Next is the timing - how many ship-sides do we need, and when should they be deployed in the foldered system? Here we can rely on the Kimikawa Maru TROM at combinedfleet.com, which gives us several important pieces of information:

quote:

2 December 1941:
Arrives at Ominato. Painted with gray/white splotch camouflage for Northern operations.

18 March 1943:
Arrives at Yokosuka. Undergoes repairs. Camouflage painting is deleted.


Please note that since the camo overpaint was done at Yokosuka, we should use the "bluish-grey" hues associated with Naval shipyards in this period.

The result of all that research can finally be distilled into the following deployment plan:

12/6/41 = Start with the double-u-shaped white camo 0051.bmp file (#5)
4/1943 = Change to a "bluish-grey" color scheme (#6)
1/1944 = Change to "greyish-grey" (#7)

Phew!




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Post #: 47
RE: Japanese Ships – Colors & Camouflage - 10/30/2019 7:35:15 PM   
Kull


Posts: 2086
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From: El Paso, TX
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There are 5 classes of AV in WitP-AE, of which two have been given new camo shipsides (and one remains). So before we move on, let's look at all the ships of this type:

1) Akitsushima: New ship-side created. See Post #30

2) Husimi AV: New ship-sides created. See Post #47

3) Kamoi AV: A single ship in this class. A single bmp file (0057.bmp), not shared. No upgrades or conversions. No evidence of camo. This ship is visibly unlike all other AV classes (so it already has a unique "look" - #1 on the attachment). The current ship-side features a purplish-grey color, so potentially that could be changed to a bluish-grey (12/41) followed by a "greyish" look in 1944, but that's an easy enough fix. Otherwise, no action.

4) Kamikawa AV: Six ships in this class (Kamikawa Maru, Kimikawa Maru, Kunikawa Maru, Kiyokawa Maru, Sagara Maru & Sanuki Maru). A single bmp file (0050.bmp), not shared. No upgrades or conversions. The photos (and ship models) depicting 4 of the 6 do not show evidence of camo. However, two of these ships have photos showing early war camo:
- Kimikawa Maru (reviewed in Post #47 above)
- Sagara Maru acquired a unique blue & light grey Dazzle camo scheme in mid-1942, but unfortunately it's experimental nature makes it unsuitable for all ships of this class.
The current ship-side features a purplish-grey color, so again we're looking at a change to bluish-grey (12/41) followed by "greyish" in 1944. Otherwise, no action.

5) Sanyo AV: A single ship in this class. A single bmp file (0049.bmp), not shared. No upgrades or conversions. Per the comments accompanying Motoyuki Iwashige's model, "It seems that camouflage was given, but it is omitted in the example". The accompanying photo appears to show a dazzle type, but it's extremely hard to make out the details. This ship (like Husimi AV) is a slightly smaller version of the Kamikawa AV class, but structurally nearly identical (#2).

So here is where it gets interesting. As with the Kimikawa-Husimi swap, this is a good candidate for the unique Sagara Maru camouflage scheme (#3). In this case we only have a single ship in the class, and although the Kyushu xAK has the option of upgrading to Sanyo AV, it is unlikely that the player will do this for many (if any) of that class as the Kyushu's are fast and the conversion options include AKE, AS, and the valuable AR and AK.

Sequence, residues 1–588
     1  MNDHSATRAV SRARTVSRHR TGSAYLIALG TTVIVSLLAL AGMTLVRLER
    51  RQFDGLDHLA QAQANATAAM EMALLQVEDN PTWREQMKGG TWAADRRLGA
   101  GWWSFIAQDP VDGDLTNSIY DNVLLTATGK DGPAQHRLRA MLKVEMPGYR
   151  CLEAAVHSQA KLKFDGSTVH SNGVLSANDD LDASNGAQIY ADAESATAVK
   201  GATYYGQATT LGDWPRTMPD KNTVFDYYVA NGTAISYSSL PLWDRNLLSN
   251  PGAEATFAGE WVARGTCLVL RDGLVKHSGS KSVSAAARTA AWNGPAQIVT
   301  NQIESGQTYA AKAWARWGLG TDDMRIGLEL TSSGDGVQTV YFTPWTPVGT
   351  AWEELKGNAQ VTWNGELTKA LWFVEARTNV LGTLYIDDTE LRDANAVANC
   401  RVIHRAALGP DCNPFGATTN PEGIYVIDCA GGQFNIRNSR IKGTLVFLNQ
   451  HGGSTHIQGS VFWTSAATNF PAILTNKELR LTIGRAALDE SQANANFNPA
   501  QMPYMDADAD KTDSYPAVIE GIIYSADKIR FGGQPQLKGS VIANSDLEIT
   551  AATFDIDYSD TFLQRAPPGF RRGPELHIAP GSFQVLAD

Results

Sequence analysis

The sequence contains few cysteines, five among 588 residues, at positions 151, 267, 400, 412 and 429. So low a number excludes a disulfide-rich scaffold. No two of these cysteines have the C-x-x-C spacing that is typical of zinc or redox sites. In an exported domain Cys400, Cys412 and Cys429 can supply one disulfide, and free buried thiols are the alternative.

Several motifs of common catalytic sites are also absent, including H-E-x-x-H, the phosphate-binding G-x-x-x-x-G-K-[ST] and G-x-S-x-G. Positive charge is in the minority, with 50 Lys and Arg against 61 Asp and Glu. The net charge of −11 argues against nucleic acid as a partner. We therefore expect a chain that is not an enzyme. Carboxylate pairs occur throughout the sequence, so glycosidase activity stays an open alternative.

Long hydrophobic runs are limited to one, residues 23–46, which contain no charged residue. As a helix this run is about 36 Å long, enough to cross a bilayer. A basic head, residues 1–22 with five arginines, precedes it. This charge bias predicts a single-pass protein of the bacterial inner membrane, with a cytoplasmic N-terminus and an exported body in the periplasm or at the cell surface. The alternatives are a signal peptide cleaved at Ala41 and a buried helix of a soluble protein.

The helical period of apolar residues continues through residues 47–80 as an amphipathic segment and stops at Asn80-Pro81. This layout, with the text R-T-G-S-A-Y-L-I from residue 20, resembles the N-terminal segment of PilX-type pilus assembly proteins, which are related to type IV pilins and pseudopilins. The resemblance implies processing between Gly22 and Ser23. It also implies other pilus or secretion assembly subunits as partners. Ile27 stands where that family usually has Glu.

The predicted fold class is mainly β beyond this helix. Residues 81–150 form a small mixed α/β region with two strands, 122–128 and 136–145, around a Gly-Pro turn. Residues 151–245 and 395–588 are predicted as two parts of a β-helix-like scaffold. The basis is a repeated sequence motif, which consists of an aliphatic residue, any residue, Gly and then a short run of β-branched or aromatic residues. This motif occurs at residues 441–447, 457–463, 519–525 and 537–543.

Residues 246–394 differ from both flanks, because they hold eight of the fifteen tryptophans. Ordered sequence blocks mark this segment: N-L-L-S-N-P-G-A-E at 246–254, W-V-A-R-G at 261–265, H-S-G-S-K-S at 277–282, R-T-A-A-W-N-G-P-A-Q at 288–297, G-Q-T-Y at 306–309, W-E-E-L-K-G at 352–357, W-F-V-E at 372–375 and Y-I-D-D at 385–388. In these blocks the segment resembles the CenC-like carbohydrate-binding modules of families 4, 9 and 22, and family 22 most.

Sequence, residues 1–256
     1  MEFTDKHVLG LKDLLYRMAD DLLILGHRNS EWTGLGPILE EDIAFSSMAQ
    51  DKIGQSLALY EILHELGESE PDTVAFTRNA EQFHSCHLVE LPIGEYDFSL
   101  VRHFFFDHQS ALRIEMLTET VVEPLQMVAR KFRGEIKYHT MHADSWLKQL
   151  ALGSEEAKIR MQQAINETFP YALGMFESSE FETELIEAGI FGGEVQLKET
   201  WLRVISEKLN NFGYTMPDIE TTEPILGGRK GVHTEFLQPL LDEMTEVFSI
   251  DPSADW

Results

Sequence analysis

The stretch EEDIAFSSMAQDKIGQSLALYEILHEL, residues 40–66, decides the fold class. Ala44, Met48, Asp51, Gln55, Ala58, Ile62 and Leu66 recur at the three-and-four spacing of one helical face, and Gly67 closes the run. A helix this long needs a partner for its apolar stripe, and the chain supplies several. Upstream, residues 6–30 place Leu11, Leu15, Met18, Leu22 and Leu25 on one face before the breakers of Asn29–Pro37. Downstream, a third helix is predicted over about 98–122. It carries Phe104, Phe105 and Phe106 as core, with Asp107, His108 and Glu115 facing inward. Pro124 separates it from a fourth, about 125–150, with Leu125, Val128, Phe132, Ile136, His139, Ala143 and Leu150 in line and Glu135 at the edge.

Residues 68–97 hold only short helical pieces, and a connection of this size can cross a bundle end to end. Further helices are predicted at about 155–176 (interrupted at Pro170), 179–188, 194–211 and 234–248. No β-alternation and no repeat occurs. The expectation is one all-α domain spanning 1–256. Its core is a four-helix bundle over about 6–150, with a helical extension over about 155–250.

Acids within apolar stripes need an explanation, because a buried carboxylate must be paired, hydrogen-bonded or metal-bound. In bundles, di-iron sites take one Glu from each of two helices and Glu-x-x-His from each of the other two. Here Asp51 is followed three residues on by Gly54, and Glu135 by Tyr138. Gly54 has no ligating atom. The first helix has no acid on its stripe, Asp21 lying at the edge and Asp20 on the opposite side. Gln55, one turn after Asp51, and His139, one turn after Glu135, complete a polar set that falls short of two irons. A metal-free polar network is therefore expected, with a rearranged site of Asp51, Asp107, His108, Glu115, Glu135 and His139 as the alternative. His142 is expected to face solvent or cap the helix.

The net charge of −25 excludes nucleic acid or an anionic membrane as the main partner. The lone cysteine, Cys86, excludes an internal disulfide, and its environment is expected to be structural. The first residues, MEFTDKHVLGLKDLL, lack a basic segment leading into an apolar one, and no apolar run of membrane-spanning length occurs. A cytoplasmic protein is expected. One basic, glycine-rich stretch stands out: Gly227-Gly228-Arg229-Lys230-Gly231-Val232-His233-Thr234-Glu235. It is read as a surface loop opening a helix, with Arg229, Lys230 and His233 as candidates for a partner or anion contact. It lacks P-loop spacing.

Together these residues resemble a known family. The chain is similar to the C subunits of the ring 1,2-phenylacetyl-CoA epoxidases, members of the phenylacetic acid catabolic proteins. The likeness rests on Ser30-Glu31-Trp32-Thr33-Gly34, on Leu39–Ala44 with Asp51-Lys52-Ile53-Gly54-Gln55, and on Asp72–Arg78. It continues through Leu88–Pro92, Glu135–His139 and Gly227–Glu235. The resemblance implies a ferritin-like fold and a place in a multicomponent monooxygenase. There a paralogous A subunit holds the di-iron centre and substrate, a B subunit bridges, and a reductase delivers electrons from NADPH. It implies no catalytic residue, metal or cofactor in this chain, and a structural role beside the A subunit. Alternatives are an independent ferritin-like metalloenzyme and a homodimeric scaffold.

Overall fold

Next is the timing - how many ship sides do we need, and when should they be deployed in the foldered system? Let's look at the Sagara Maru TROM at combinedfleet.com:

quote:

26 February 1942:
At 1820 arrives at Singapore. SAGARA MARU is camouflaged using captured British paint. Her hull is painted light gray. Two wide indigo blue stripes run almost horizontally from her bow to her stern with two other vertical stripes at her bow. The camouflage scheme is the result of an IJNAF experiment.

13 June 1942:
At 1200 departs Seletar and drydocked at 1555. Hull painted.

25 June 1942:
At 1120 undocked. At 1445 arrives at Seletar.

26 June 1942:
Seletar Naval Base, Singapore. SAGARA MARU wears a “dazzle” type of camouflage.


Note that the TROM cites two instances of the ship being painted with camouflage, so it's quite possible that the stripe colors were changed from blue to black during this second painting, as that is what we see in Motoyuki's model. As for the "captured RN paint", I've chosen the "dark blue" color from the WW2 Royal Navy paint chip samples at Kew archives (#4):

Here is the foldered deployment plan:

12/6/41 = The as-is purplish-grey 0049.bmp file (#5)
2/1942 = The Sagara Maru blue dazzle camo (#6)
6/1942 = The Sagara Maru black dazzle camo (#7)
11/1943 = Change to "greyish-grey" (#8)

Note: The Naval Technical Mission report specifically says this ship replaced Dazzle with Green Merchant Camo in 1944, but that's actually impossible since Sagara Maru was destroyed in mid-1943. Even so, that is an option depending on what the mix of "green vs. grey" shipsides looks like in 1944.




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Post #: 48
RE: Japanese Ships – Colors & Camouflage - 11/1/2019 1:57:24 AM   
Kull


Posts: 2086
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From: El Paso, TX
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xAP Types:

1) Brazil Maru xAP: Two ships in this class (the other being Argentina Maru). A single bmp file (0303.bmp), not shared. One data base entry (12/41). Cannot upgrade or convert. No evidence of early war camo.